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These days, many political campaigns ghostwrite email messages for their candidates and supporters. But as Scott Lewis uncovers in a new story, Carl DeMaio has always been an innovator in this realm. This year, he took it to the extreme. His campaign ran roughly 30 dummy email accounts.
When you try to figure out the story about sexual harassment allegations that DeMaio said derailed his campaign unjustly, you have to understand DeMaio’s system of anonymity and email deception. It is essential to both his story and the claims of the man who accused DeMaio of sexual harassment. Lewis is undertaking a quest to find out who is telling the truth.
“In DeMaio’s story, you can never actually know when DeMaio is writing you or if it’s someone else pretending to be DeMaio,” Lewis writes. “You also can’t know whether a message you’re receiving from a DeMaio supporter is actually DeMaio in disguise. What’s ironic is this is central to both his and his accuser’s story of what happened. A culture of open sharing of identities went awry.”
The Worker Rules Businesses Hate the Most
When it comes to labor regulations, California is mighty friendly to workers. Too friendly, say business boosters.
And so it goes. This clash has been going on for more than a century in the Golden State, going back to the days when labor-business conflicts erupted in violence, like the bombing of a newspaper, and an epic free-speech standoff here in San Diego.
Now, these disputes play out in the state legislature instead of the streets. So what are the biggest annoyances for businesses in California, the ones that they’d kill if they could? VOSD reporter Lisa Halverstadt lists them, focusing on regulations that are unique to the state or stricter than elsewhere. They involve things like non-compete clauses (mostly banned), required sick days, advance notice of layoffs and a higher minimum wage.
There’s Cash in Them Thar Weed
A recent Nevada conference brought together “several hundred Wall Street types, tech industry disrupters, agricultural enthusiasts and assorted others” to figure out how to make money off the legalization of marijuana, the LA Times reports. “There is a massive potential. It is untapped. It is just sitting there below the surface and it is ready to come above ground,” said Emily Paxhia, who co-owns a pot hedge fund. Yes, a pot hedge fund.
There’s a complication. “Pot critics say the thirst for high returns has the marijuana industry starting to resemble Big Tobacco, with profit-hungry companies using the kind of marketing imagery and sales tactics that entice children and glamorize drug use.”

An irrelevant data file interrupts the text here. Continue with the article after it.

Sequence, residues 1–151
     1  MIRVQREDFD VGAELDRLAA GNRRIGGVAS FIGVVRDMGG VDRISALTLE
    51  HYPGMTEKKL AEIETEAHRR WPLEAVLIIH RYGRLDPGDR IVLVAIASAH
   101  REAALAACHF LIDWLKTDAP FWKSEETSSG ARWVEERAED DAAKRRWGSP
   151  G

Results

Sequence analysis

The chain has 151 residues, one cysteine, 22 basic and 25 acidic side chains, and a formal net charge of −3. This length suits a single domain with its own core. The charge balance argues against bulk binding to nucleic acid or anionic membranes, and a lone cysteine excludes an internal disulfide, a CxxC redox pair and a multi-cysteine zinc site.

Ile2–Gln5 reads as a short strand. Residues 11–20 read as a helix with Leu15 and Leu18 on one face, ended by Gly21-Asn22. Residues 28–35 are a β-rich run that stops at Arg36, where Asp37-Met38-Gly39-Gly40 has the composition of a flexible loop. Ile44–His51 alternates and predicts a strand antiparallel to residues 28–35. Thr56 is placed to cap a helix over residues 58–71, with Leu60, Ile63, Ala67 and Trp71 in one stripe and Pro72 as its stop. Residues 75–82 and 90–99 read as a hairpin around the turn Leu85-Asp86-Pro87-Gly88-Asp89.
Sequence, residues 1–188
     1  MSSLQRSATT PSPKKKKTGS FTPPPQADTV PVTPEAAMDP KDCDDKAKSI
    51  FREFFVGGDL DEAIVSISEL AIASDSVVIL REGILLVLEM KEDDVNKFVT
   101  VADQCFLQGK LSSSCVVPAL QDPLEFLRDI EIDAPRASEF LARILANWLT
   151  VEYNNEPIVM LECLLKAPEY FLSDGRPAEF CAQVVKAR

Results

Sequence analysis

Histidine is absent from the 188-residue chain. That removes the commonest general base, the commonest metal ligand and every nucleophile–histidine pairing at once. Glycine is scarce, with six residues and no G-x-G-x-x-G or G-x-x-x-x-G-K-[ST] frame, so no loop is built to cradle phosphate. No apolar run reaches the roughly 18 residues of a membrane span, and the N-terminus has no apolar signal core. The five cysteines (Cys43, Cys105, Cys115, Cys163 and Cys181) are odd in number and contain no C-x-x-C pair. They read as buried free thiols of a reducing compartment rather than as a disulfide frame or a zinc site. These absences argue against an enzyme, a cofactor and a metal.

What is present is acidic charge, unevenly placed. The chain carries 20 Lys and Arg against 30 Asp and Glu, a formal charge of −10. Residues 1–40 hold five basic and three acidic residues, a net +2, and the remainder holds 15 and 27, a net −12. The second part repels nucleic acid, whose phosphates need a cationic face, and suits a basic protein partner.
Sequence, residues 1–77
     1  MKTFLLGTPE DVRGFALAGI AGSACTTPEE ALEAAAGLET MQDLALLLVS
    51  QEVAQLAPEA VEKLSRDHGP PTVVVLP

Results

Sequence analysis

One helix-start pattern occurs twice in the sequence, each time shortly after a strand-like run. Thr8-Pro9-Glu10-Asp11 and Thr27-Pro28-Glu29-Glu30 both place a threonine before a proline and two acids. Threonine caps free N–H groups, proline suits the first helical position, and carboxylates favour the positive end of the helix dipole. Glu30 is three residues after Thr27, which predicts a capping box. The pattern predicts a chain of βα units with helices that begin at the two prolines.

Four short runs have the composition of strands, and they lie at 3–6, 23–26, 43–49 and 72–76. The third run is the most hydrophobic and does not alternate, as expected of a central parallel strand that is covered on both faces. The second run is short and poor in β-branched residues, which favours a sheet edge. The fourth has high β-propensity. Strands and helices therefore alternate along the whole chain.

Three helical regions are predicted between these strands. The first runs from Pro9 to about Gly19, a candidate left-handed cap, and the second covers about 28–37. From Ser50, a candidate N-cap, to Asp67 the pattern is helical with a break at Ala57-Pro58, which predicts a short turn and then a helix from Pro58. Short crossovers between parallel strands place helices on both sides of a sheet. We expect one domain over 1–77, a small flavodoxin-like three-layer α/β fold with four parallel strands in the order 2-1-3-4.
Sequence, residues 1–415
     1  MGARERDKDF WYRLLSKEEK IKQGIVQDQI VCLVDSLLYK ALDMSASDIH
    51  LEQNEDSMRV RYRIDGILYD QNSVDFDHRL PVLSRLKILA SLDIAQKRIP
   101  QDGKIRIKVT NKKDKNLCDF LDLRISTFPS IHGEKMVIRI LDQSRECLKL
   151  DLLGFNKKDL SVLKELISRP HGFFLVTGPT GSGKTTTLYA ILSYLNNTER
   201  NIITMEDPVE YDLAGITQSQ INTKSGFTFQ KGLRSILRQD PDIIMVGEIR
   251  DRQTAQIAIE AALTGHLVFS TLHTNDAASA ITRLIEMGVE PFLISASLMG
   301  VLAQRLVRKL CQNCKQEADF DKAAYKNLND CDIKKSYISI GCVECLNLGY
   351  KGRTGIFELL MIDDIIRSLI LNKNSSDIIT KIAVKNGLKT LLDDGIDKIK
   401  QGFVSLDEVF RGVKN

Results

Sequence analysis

The Nevada event, by the way, included an announcement to the crowd: Don’t light up your pot in the parking lot.
Lawsuit Over San Onofre Closing
“A group of mainly San Diego County activists is suing Southern California Edison Co. and state electric power regulators over more than $3 billion in costs to close the San Onofre nuclear power plant,” the LA Times reports.
The U-T explains that the suit seeks rebates for customers of not only Southern California Edison but also SDG&E. The lawsuit also claims that state regulators have fallen down on the job.
• Back in 2011, there was scoffing at the idea that radiation from the Japan nuclear meltdown would ever reach here. But minuscule amounts — very tiny and harmless amounts, scientists say — have made their way to the ocean along the West Coast. (U-T)
• The ocean is unusually warm. Seaside nuclear power plants have not been implicated. (U-T)
‘Hostile Takeover’ in North County
Two water districts that serve about 50,000 customers in the northern stretches of the county are fighting over what one calls a “hostile takeover.” (U-T)
• Water use was up by 6 percent in the county in October compared to last year. (NBC 7)
Quick News Hits: ‘Sane’ Gun Law Threatened
• “A sane gun law is under fire in San Diego,” the L.A. Times says in an editorial about the attack on concealed weapon permits.
• The sheriff’s department has shut down a Facebook fan page because a gun dealer got miffed when he wasn’t allowed to make snide comments. (U-T)
• The feds are apprehending fewer unaccompanied kids at the border. (LA Times)
• You (and by you, I mean me) might assume there’s nothing to be found in the Pacific Ocean other than seaweed, sea creatures and a shipwreck or two. How about a sunken drone? That’s what a diver found off Solana Beach, Fox 5 reports, complete with GoPro camera and accessible footage attached. The diver even located the owner, who lost it about a year ago.
Meanwhile, somewhere there’s a whale who’s wondering why the camera adds 10 tons.
Randy Dotinga is a freelance contributor to Voice of San Diego and president of the American Society of Journalists and Authors. Please contact him directly at firstname.lastname@example.org and follow him on Twitter: twitter.com/rdotinga.